When we first moved to Portland, we rented a duplex apartment at the corner of 29th and SE Pine. Just a block from that place stands a tiny white church, built sometime around the 1920s and, until recently, a functioning place of worship.
But neighborhoods change and congregations shift, and the church had to close. It was bought by a fellow who planned to turn it into a home. His plans have slowed down, but are still in the works.
In the meantime, ceramicists Catherine and John Rondthaler use the space as a studio and, occasionally, have exhibits.
Last year we met Catherine. This year, saw both of them! They are really sweet folks. They met 38 years ago and have been silly-in-love ever since.
Besides enjoying the variety of ceramics they create and sell, we got to enjoy their stories. One piece was created when a throwing wheel malfunctioned and pitched a few gallons of indigo blue glaze into the air, splashing everything in sight. They liked the splashes, and some great bowls were created. I love accidental perfection!
Besides their ceramics, John and Catherine were showing beautiful prints made by another friend. Needless to say, we got some Christmas presents… but shhh! Don’t tell anyone!
This past Sunday we had plans. Grandpa Nelson, Auntie Bridgett and I decided we would drive through the country to hike around Silver Falls State Park. We enjoyed the fields of wheat, hay bales, vineyards, and grazing llamas. We were amazed at how close all this country is to the BIG city of Portland!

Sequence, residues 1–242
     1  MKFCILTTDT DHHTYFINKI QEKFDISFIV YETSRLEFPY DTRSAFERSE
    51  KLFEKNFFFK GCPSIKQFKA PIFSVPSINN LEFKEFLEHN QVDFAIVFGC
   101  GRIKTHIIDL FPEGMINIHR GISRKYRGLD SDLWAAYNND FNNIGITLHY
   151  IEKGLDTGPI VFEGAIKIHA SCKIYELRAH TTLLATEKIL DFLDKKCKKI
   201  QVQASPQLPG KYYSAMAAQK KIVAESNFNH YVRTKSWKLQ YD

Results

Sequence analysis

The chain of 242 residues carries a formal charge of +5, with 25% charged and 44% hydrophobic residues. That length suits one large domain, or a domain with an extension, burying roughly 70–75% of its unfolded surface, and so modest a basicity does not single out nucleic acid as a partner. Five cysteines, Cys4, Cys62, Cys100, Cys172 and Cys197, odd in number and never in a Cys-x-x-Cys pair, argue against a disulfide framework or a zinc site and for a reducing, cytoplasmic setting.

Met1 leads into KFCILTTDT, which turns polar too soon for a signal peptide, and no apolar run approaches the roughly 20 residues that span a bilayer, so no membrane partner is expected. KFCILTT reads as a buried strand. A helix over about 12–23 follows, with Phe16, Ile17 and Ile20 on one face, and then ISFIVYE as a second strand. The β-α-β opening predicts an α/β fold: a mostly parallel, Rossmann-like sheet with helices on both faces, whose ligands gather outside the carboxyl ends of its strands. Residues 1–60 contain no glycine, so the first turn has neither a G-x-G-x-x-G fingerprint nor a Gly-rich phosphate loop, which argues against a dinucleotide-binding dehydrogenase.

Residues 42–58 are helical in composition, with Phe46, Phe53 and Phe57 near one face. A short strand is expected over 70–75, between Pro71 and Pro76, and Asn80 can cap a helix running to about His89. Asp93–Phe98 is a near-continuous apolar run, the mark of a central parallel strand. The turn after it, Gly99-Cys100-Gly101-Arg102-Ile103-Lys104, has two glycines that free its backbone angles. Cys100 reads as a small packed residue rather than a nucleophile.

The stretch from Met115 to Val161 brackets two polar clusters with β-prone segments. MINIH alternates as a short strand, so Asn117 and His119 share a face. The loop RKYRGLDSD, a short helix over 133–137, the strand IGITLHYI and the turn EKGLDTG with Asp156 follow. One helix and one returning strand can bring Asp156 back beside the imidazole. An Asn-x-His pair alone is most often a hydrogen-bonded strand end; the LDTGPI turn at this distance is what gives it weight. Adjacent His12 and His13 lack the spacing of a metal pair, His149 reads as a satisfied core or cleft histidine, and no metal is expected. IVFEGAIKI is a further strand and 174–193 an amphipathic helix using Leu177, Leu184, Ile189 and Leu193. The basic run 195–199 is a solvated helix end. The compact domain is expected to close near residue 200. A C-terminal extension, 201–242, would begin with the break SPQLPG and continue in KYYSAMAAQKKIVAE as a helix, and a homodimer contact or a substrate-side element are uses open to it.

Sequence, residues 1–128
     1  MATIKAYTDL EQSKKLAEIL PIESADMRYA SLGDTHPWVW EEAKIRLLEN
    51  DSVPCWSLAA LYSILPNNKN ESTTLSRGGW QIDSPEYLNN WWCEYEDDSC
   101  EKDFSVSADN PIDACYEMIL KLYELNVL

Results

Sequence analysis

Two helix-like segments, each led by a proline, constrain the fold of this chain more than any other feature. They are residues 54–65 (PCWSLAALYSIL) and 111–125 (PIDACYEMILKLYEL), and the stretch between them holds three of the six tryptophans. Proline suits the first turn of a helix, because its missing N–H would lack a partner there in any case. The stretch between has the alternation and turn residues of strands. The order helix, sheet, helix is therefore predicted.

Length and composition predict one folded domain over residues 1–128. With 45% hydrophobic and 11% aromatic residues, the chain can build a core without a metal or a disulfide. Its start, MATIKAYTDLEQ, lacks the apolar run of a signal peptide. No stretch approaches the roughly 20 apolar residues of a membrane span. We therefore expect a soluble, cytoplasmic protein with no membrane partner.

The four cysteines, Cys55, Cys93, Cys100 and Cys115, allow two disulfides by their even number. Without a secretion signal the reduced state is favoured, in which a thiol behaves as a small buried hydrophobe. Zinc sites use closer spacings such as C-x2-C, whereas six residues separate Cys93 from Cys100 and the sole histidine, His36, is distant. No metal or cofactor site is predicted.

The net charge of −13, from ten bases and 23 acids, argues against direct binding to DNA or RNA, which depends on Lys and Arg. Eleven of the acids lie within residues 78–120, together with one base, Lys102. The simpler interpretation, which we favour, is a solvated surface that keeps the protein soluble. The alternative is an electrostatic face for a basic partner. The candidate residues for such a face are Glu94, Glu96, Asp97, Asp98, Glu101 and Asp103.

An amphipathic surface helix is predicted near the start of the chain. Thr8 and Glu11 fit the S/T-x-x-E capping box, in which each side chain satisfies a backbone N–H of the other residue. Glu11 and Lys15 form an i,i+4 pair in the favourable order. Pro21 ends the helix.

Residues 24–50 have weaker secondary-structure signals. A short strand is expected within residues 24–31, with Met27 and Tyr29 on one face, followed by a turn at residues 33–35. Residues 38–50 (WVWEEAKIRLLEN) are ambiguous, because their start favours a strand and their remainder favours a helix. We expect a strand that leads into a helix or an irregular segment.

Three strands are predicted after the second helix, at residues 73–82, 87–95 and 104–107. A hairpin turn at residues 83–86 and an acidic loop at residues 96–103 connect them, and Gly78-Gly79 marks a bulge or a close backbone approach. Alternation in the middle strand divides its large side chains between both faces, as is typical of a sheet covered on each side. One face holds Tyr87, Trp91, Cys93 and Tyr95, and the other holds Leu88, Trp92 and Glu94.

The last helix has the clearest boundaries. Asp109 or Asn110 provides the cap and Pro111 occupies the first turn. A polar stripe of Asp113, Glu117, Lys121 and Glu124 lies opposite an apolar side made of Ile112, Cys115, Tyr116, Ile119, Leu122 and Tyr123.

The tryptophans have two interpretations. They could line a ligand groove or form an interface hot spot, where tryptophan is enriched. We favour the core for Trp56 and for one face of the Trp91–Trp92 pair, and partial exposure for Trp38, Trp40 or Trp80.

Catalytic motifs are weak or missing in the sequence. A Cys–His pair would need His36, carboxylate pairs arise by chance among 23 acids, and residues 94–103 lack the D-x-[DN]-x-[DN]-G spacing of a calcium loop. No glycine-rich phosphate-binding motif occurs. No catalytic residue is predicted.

At Silverton, we got off Highway 213 and started out to Silver Falls, but because of a confusion of which direction to go, we needed to make a U-turn. And that’s when we got waylaid by serendipity.
On a narrow street, we saw cars lined up in front of an old stone gateway. This is the entrance to Coolidge and McClaine Park, where the Silverton Fine Arts Festival was being held! After about 30 seconds discussion, it was agreed that we should investigate. Bridgett saw art, I saw local history, and Grandpa Nelson saw Karmelkorn! It was destiny.
Laid out along the shady paths of this hundred year old park were booths selling every kind of hand craft. Quilts, stained glass, paintings, metal sculpture, jewelry, ceramics, hand sewn backpacks and bags. There were some wonderful “burses”, which are purses made using recycled book covers as the sides. I wasn’t able to get a picture because of the crowd.
I wandered down toward the creek, following chalk arrows that said “mosaic fountain”. I found local mosaic artist Christine Carlyle and her band of volunteers, putting the finishing touches on a wonderful project, a refurbished wading pool. Eighty years ago, this shallow pool was created for the little kids to play in while the older ones swam in the creek, but it has fallen into disrepair.
Christine was hired by the city to create the design, which is a tribute to local beauty. The tiles were laid by more than 250 volunteers, each working on small sections. It should be done, they told me, in a few weeks. There will be the pool and a center column with a sprinkler, all lovingly created and tended to by the local folks.
We had brought a picnic, but there were crepes and paella, so we had those instead. The food was so good, spicy, and made by people who were happy to talk about how they do it. I may want to try some paella myself, when the weather cools a bit. There was also lovely wine and beer from Silver Falls Brewery.
We saw many lovely things, but only two came home with us: a tall ceramic vase featuring the Portland skyline made by Portland ceramicist Nicole Curcio, and a set of pot holders by quilter Linda Lu. Practical and beautiful, these things will remind us of this day for a long time.
When we were full of food and joy, loaded down with treasure and ready to drop, Grandpa Nelson drove us home. We all found places to nap until it was time for a light salad dinner and movies, a broadcast of Finding Nemo and my newly purchased copy of Sneakers. Then off to bed.